'They can get up to 100 lbs.': Massive salmon caught in B.C. all part of conservation program
It appears one B.C. hatchery program is off to a promising start, by the size of the Chinook salmon they’ve been pulling in from the Wannock River near Bella Bella.
“They can get up to 100 pounds, even potentially larger,” Owen Bird, executive director of the Sport Fishing Institute of B.C. told CTV News Vancouver in a phone interview.
He says salmon this large only come from one of two rivers in B.C., the Wannock River and the Kitsumkalum River in Terrace. Both rivers are supported by hatchery programs to help build strong salmon stocks.
The Percy Walkus Hatchery has been catching some of these big Chinook as part of its “egg take” program, where volunteers capture salmon that are preparing to spawn in the Wannock River.
“They collect a number of returning Chinook this time of year by using nets, then harvest the eggs and sperm and use that for stock enhancement,” says Bird.
He says they then get put into a hatchery system that has been built by the river’s edge.
“They see those Fry through until they can be released into the ocean,” added Bird. “It’s just helping nature along.”
Bird credits the success of the salmon to the work done by the Percy Walkus Hatchery, which has been running since 2016.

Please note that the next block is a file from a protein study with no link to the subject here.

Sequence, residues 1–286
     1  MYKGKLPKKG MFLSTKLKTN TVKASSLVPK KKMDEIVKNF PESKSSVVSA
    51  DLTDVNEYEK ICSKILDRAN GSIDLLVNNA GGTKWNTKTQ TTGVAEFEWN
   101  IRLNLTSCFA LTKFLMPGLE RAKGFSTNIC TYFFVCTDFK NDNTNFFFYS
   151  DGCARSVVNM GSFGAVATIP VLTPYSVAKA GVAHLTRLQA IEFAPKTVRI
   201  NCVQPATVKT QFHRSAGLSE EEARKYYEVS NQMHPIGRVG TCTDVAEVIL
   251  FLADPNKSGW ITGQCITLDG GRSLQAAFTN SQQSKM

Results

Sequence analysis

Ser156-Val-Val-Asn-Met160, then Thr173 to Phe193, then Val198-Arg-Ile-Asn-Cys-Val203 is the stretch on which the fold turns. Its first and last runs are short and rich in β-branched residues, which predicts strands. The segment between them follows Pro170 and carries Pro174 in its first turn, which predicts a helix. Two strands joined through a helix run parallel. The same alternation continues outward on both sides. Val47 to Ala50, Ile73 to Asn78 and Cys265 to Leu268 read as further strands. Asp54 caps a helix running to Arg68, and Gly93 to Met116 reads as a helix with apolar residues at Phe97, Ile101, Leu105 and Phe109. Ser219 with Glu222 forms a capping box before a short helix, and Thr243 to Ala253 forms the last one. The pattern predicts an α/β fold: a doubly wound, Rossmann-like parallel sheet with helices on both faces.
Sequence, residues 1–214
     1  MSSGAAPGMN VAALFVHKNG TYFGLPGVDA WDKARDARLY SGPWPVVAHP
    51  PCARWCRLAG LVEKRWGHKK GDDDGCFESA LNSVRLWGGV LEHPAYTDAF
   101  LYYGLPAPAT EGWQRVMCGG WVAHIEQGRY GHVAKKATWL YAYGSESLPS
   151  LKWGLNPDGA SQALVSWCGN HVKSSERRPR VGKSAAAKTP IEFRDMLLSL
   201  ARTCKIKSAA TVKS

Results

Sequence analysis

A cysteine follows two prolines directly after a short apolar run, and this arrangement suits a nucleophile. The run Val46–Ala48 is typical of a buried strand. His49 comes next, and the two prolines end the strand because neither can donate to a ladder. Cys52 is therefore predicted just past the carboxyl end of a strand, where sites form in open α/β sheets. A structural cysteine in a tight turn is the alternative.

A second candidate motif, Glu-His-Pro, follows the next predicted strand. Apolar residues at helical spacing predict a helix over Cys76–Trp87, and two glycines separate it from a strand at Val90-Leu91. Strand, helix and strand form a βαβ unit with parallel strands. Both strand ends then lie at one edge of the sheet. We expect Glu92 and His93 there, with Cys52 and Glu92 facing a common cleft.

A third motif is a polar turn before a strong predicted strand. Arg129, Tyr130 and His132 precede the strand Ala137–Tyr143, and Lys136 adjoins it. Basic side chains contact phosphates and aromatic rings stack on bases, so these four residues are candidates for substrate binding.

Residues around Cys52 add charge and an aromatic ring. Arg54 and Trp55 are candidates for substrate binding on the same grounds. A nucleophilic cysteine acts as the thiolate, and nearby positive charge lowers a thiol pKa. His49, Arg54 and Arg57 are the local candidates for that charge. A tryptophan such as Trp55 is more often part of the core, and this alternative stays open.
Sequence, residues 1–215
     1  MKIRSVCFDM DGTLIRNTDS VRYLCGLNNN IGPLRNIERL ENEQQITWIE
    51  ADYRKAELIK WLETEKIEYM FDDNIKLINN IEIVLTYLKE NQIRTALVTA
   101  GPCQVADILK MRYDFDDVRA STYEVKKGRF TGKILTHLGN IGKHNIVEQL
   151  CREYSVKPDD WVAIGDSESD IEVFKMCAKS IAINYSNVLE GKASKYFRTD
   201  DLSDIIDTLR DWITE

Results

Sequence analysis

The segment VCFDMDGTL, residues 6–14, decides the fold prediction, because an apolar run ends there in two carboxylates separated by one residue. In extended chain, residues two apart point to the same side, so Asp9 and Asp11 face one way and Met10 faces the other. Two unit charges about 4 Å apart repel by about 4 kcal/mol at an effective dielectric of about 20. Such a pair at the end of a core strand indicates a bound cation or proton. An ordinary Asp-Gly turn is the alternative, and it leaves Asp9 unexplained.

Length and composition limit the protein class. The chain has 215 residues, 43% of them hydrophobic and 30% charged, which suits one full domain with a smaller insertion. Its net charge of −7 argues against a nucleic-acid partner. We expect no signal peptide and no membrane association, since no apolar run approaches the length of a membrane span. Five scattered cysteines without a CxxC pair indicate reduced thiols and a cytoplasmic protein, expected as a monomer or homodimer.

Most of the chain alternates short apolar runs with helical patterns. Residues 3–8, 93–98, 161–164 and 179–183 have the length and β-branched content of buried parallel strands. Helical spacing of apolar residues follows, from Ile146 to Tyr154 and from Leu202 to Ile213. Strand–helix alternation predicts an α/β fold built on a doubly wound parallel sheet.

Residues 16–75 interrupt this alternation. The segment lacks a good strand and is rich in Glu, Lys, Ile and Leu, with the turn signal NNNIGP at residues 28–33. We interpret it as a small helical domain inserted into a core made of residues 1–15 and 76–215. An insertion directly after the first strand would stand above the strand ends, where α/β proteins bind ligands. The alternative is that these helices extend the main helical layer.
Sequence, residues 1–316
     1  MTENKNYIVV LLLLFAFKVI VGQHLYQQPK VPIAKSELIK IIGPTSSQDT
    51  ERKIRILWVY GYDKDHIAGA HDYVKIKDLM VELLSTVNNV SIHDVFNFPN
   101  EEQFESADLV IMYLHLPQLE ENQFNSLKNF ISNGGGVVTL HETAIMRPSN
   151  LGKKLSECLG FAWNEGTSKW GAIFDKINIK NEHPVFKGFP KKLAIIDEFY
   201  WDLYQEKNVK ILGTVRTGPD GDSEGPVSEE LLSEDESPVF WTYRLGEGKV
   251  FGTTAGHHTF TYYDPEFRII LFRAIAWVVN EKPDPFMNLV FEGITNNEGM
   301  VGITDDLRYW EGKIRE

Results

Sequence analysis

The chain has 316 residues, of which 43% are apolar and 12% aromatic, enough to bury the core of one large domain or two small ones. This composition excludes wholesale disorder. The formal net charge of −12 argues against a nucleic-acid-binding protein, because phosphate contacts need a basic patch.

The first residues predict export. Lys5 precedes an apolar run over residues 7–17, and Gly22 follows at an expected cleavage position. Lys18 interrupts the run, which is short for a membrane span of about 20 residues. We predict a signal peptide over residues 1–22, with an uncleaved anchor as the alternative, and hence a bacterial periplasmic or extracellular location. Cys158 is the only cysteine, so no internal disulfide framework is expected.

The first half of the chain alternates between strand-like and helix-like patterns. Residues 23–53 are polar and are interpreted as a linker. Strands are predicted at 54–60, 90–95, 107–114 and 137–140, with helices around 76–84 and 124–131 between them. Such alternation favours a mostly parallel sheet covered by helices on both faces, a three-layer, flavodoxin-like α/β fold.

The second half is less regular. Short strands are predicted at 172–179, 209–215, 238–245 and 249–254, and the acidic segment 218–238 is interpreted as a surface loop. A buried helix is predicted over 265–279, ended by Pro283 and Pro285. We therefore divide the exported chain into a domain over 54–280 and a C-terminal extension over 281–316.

“Aiding these big Chinook is a really great project,” Bird says. “It’s an important part of the fate of the salmon along the coast.”
Sid Keay, the owner of Duncanby Lodge, has partnered with the Percy Walkus Hatchery to help fund its hatchery programs.
Keay says there used to be dozens of rivers that were home to these “monstrous” fish in the region, but now it’s dwindled down to just two.
“Ninety per cent of all the fish over 40 pounds come from the Wannock River and the Kitsumkalum River,” he added. “Once the genes are gone, they’re gone. That’s why our hatchery program is so vital.”
But he says, one of the greatest challenges for these large salmon is that they come from smaller river systems like the Wannock River, as opposed to the Fraser River.
“In June, the babies will get released,” Keay says. “We can only hope that a good number will make it back to spawn and a good number will be caught recreationally.”
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